Specifically, first metal detection coil 132 is mounted to an inner surface of first wall 24 and second metal detection coil 134 is mounted to an inner surface of second wall 26. In the exemplary embodiment, metal detection coils 132 and 134 are each mounted at a height above floor 30 to is most advantageous to conduct a metal detection screening of the lower extremities of the passenger. For example, coils 132 and 134 may be positioned approximately 12-40 inches above floor 30. In the exemplary embodiment, metal detection coils 132 and 134 are inductive coils such that when a first current flows through the first metal detection coil 132 in a first direction a first magnetic field is formed, and when the current flows through the second metal detection coil, in a second opposite direction, a second magnetic field is formed.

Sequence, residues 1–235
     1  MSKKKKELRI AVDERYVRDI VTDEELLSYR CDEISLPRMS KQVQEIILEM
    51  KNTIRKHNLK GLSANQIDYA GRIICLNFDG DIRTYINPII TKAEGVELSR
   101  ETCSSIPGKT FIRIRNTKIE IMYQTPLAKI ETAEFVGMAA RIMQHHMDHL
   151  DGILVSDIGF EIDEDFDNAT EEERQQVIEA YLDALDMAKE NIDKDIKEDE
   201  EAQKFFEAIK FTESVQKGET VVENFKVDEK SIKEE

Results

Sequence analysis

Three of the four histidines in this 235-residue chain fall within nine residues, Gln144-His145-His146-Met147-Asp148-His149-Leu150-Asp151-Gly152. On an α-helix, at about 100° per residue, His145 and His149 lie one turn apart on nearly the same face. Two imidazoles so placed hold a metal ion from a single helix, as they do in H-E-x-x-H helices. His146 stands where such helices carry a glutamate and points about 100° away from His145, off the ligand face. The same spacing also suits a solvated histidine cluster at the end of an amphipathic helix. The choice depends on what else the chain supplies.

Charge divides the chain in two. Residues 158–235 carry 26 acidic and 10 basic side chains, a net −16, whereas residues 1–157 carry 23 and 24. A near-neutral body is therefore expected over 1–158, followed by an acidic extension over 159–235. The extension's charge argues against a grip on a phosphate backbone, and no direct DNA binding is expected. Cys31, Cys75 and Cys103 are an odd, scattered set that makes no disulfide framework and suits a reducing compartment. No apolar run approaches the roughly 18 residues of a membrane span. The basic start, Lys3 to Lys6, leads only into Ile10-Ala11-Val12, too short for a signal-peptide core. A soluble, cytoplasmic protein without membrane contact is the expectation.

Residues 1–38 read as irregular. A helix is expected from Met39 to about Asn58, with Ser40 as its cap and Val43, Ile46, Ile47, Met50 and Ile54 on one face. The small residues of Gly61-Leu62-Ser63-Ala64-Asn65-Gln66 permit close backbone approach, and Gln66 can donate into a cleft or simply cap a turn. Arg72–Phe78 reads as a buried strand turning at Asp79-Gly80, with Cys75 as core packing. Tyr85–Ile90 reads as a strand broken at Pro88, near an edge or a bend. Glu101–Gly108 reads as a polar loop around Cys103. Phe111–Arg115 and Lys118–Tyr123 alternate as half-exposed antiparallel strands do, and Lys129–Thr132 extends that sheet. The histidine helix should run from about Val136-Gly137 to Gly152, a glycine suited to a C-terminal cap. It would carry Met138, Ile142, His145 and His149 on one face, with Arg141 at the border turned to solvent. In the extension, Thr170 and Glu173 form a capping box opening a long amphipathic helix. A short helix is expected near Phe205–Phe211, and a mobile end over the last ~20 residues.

• [0050]
    FIG. 8 is a simplified schematic illustration of the metal detection coils 132 and 134 shown in FIG. 6. Metal detection coil 132 and metal detection coil 134 are each separated by a non-conductive region 136 which generally is the utilized for the passenger, i.e. the passenger is positioned between coils 132 and 134 to facilitate operation of the system. Coils 132 and 134 may be formed from any suitably conductive materials such as copper or aluminum, for example, and no particular length or width for the sensors 132 and 134 is required. In general, each coil is dimensioned so that it is slightly larger than the object or specimen being inspected. It is to be understood that the terms “left” and “right” are merely used for expositive convenience and are not definitive of particular sides of the structure.
  • [0051]
    FIG. 8 also includes several arrows which show the direction of current flow through the left and right coils 132 and 134 which in the exemplary embodiment, is in a clockwise direction through coil 132 and in a counterclockwise direction through coil 134 such that the current flow through the pair of coils 130 is anti-symmetric to the flow of current through sensor 32 (shown in FIG. 7), and such that there is no mutual inductance between coil pair 130 and sensor 32.
  • [0052]